‘No thank you, Mrs Law,’ Georgie said quietly, after the woman had offered her a drink.
‘Do you remember me, Georgina? I work with your father. We met at his fortieth birthday party, although that was a wee while back now,’ Andy began.
She nodded and smiled. ‘I remember. You were the one who had a baby. Dad showed us the photos.’
‘Well, it was Carol who did the difficult bit, but I have got a little girl, that’s right.’ Andy shuffled forward. ‘Can you tell me when you last saw Maisie?’
Georgina gazed down at her lap. ‘In French class, yesterday morning. Maisie didn’t come to lunch. She said she had something to do in town.’
‘Are you allowed to leave the school premises during the day?’ Andy glanced at Katie Law, who shook her head.
‘No,’ Georgina answered. ‘But Maisie occasionally did. It isn’t too difficult. The gates are open for deliveries and stuff most of the time.’
‘I see. Did she tell you where she was going?’
‘Not really. She just used to get a bus into the city centre, look around the shops and that kind of thing.’
‘It must have been difficult for her to have the time to do that. Maisie would need to be back for her afternoon lessons, wouldn’t she?’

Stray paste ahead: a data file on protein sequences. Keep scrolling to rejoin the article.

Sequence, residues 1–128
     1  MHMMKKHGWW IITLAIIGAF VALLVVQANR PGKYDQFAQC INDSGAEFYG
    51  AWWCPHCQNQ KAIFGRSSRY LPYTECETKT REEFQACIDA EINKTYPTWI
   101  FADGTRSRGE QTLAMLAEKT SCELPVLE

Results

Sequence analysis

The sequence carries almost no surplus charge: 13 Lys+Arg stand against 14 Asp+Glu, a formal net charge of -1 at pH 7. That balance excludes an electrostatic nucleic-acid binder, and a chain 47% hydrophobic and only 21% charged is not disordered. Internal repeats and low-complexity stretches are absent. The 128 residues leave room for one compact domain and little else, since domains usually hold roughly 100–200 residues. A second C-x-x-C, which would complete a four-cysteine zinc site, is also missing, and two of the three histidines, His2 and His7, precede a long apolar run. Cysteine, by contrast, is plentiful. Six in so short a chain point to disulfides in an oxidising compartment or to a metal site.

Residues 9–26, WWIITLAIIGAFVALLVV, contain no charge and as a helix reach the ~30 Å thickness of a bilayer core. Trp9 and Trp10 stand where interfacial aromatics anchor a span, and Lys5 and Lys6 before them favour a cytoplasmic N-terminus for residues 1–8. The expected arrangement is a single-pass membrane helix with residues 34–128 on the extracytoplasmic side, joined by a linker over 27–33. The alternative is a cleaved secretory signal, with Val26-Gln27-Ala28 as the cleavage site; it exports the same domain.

‘Aye, but she only went into town on the days we had activities after lunch. Mr Kirk never takes a register. He hasn’t got a clue who we are.’
Katie Law frowned and made a note in her file.
‘So this was a regular arrangement? Did you ever go with her, Georgina? You won’t get into trouble if you did. We just want to get Maisie home safely. If we know where she usually went to during the day, it could be a huge help to us.’
Georgina looked directly at Calder. Her large eyes were glistening. ‘I only wish I had. Then, I might have an idea of where she’s gone. But I never had the guts. Mum would make my life a misery if she found out I’d played truant from her precious school. It would make the front page of the Record.’